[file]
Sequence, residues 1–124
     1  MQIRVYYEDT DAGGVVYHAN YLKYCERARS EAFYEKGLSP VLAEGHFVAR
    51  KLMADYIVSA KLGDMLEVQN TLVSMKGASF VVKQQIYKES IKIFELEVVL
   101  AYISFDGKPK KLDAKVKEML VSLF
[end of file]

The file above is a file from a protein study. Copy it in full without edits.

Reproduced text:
Sequence, residues 1–124
     1  MQIRVYYEDT DAGGVVYHAN YLKYCERARS EAFYEKGLSP VLAEGHFVAR
    51  KLMADYIVSA KLGDMLEVQN TLVSMKGASF VVKQQIYKES IKIFELEVVL
   101  AYISFDGKPK KLDAKVKEML VSLF